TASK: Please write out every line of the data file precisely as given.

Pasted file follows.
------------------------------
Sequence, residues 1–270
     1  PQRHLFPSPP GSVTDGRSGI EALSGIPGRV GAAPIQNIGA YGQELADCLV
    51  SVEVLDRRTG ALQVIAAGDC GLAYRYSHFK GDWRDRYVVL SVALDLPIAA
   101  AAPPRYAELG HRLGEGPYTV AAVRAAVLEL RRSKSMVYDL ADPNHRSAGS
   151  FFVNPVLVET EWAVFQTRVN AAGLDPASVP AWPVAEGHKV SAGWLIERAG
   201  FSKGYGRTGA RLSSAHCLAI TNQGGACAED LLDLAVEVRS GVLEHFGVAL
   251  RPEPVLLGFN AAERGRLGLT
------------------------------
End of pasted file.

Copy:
Sequence, residues 1–270
     1  PQRHLFPSPP GSVTDGRSGI EALSGIPGRV GAAPIQNIGA YGQELADCLV
    51  SVEVLDRRTG ALQVIAAGDC GLAYRYSHFK GDWRDRYVVL SVALDLPIAA
   101  AAPPRYAELG HRLGEGPYTV AAVRAAVLEL RRSKSMVYDL ADPNHRSAGS
   151  FFVNPVLVET EWAVFQTRVN AAGLDPASVP AWPVAEGHKV SAGWLIERAG
   201  FSKGYGRTGA RLSSAHCLAI TNQGGACAED LLDLAVEVRS GVLEHFGVAL
   251  RPEPVLLGFN AAERGRLGLT